Creepy Teacher: A Psychological Thriller

Creepy Teacher: A Psychological Thriller by Mackie Malone Read Free Book Online

Book: Creepy Teacher: A Psychological Thriller by Mackie Malone Read Free Book Online
Authors: Mackie Malone
Tags: Fiction, thriller
to almost everything that steered Bailey away from the house was, “I say no, but ask your mother.”
    “Fine, I’ll call dad,” Bailey said, “but what’s your answer. That’s all he’ll need.”
    “Not when it comes to you attending a party at some barn with a guy,” her mother said. “He’ll have plenty to say about it, believe me.”
    “Mom…”
    “What’s this hero’s name again?”
    “Eric Cady.”
    “Well, call your dad, Bailey, and meanwhile, I’ll check my sources on this Eric Cady. He’s a junior, I presume?”
    “A senior.”
    “Wonderful. Good luck on that with your dad.”
    Reaching for some kind of hope, even if tentative and subject to change, Bailey said, “How about I tell dad you’re a definite yes pending the approval of your sources.”
    “Replace yes with maybe,” her mother said.
    They disconnected, and she typed a text to her dad, saying, “Dad, call mom about Eric Cady’s party. Please answer by twelve fifteen today. Please answer yes. Thank you. I love you.”
    As she sent it, she spun around, looked up, and crashed awkwardly into Mr. Renly.
    The bell rang.
    She gathered herself, apologized, and split.
    His coffee breath had chuffed directly into her nose.
    *     *     *
    In 5th period study, Eric Cady walked in late. Bailey had taken a table by herself, not to be rude, but because she didn’t honestly know if Tony Avery and Kylie Westin would accept her at their table without Eric present.
    So much for bravery and being courageous!
    It was hardly expected, Bailey decided, especially since she had only sat with Tony and Kylie once, and really, they had gotten up to mill around anyhow, leaving her and Eric to study together alone.
    She took out her Algebra textbook now, and buried her nose in it to avoid seeming like a weirdo who wanted to sit with the popular kids but wasn’t cool enough to try.
    Truth and reality sucked!
    She needed to work on her people skills, she decide.
    When Eric did arrive, the librarian called him over and handed him a tardy slip. He took that in stride to the table where Tony Avery and Kylie Westin were sitting, set his bag down, then looked around the room.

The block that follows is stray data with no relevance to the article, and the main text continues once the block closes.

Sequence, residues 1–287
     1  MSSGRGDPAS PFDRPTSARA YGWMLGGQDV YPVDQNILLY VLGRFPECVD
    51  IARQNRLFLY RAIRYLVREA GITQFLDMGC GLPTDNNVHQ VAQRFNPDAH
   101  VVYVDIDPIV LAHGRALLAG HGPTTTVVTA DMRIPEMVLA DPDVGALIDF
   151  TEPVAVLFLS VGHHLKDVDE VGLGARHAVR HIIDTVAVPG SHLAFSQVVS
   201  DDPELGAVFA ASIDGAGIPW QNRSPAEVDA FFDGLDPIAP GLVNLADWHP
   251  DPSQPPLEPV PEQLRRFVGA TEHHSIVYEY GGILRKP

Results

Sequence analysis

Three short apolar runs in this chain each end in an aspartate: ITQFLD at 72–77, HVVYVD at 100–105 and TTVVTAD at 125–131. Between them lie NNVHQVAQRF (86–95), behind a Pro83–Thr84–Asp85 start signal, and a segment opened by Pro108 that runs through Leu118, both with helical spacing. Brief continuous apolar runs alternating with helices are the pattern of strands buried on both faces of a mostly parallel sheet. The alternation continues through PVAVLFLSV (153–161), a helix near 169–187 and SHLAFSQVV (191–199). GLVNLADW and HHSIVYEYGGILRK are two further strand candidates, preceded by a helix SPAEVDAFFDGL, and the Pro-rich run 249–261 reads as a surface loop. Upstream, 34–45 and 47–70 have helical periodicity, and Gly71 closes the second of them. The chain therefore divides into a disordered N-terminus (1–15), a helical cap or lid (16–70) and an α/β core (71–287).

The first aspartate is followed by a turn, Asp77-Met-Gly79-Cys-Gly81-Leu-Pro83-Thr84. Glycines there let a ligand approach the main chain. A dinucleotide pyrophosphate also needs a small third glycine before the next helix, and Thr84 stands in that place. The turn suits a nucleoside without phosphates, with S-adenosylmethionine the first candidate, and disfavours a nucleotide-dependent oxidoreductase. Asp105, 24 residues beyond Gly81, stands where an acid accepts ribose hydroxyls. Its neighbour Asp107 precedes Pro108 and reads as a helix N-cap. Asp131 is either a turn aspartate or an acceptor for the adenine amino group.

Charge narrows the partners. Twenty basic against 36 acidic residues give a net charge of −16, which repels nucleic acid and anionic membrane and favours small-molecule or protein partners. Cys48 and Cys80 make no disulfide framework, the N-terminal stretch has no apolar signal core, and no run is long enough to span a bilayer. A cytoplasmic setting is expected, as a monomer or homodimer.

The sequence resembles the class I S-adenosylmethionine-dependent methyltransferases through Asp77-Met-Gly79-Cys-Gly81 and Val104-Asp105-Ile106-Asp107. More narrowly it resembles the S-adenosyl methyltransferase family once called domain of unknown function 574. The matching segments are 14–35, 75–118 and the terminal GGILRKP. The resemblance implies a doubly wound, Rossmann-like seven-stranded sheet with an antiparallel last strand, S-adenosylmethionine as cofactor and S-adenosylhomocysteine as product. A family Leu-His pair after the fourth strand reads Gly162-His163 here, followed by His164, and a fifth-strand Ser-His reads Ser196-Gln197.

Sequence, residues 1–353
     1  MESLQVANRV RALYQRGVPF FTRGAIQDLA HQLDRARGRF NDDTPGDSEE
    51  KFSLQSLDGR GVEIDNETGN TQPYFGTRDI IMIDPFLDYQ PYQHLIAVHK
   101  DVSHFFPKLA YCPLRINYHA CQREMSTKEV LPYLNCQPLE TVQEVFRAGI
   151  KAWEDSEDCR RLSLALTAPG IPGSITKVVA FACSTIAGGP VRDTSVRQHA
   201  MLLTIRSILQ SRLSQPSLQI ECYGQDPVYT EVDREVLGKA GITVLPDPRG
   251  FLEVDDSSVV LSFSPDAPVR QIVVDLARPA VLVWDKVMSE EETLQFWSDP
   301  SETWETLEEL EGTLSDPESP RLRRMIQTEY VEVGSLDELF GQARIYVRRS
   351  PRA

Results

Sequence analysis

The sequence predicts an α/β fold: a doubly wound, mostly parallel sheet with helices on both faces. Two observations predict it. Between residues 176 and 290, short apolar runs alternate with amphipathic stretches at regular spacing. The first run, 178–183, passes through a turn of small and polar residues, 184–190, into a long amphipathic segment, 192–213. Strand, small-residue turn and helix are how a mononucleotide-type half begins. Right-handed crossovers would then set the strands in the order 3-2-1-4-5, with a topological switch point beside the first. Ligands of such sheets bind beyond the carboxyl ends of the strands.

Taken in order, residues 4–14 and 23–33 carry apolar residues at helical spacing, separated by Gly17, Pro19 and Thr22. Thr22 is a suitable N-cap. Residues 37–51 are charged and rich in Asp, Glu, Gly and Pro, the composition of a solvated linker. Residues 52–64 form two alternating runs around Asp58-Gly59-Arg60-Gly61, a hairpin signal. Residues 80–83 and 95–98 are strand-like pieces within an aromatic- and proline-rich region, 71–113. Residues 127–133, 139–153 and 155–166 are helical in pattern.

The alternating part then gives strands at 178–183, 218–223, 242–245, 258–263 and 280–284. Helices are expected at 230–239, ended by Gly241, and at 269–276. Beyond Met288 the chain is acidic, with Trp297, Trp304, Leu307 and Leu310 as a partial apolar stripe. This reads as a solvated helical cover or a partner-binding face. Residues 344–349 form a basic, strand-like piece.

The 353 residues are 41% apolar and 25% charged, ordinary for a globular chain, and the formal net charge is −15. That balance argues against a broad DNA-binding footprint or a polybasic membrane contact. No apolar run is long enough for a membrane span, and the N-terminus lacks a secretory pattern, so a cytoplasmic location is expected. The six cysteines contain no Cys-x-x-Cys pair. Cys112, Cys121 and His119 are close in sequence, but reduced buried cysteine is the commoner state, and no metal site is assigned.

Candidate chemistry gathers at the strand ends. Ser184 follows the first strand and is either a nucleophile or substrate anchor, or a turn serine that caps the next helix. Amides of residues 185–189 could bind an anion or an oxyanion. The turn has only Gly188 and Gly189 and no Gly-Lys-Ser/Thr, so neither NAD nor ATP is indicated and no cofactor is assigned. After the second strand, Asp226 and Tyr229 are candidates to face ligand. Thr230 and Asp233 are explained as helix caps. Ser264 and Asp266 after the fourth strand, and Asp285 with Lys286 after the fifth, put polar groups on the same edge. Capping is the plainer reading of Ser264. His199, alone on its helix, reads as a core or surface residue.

Again, Bailey ducked her head into her book.
    Stupid.
    Peripherally, she watched him thumb a gesture toward her table, say something to them, then lift his bag and make his way over. Tony and Kylie stayed put.
    She looked up and acknowledged him with one of those backward-chin-tipping nods, the kind she rarely used because they looked so…absurd.
    “I didn’t see you when I walked in,” he said, taking a seat across from her.
    Bailey wondered what he had said to Tony and Kylie, but she wasn’t about to ask. Instead, she said, “Did you get a tardy?”
    He dragged his Algebra book from his bag. “Yep,” he said, showing it to her. “Everyone keeps stopping me with questions about tomorrow. What should they bring? What time? Where’s the barn? Are Clayton kid’s welcome? On and on. It’s endless.”
    “Could be worse,” Bailey offered. “You could have just experienced a hallway collision, like I did, with Mr. Renly. I turned around, and he was right there in my bubble.”
    “I would have flattened him,” Eric said. “What was he blabbing about today at the chalkboard anyway? Dolphins? I can’t figure that guy out. He’s on a strange wave.”
    “Beluga whales,” Bailey said.
    Her smart phone went beep, beep.
    Finally, a reply from her dad…
    “I say no, your mom says yes. The answer is maybe. We chat tonight.”
    Eric guessed correctly—either that, or he was a genius at reading disappointed facial expression. He said, “I can pick you up at home tomorrow, if that helps.”
    Which sent a flutter clear through her body, from the top of her forehead to the tip of her toes.
    “I’ll have to get back to you on that,” she told him. “My dad wants to chat with me about it tonight.”
    “No problem,” Eric said. “My parents have been chatting with me, too.

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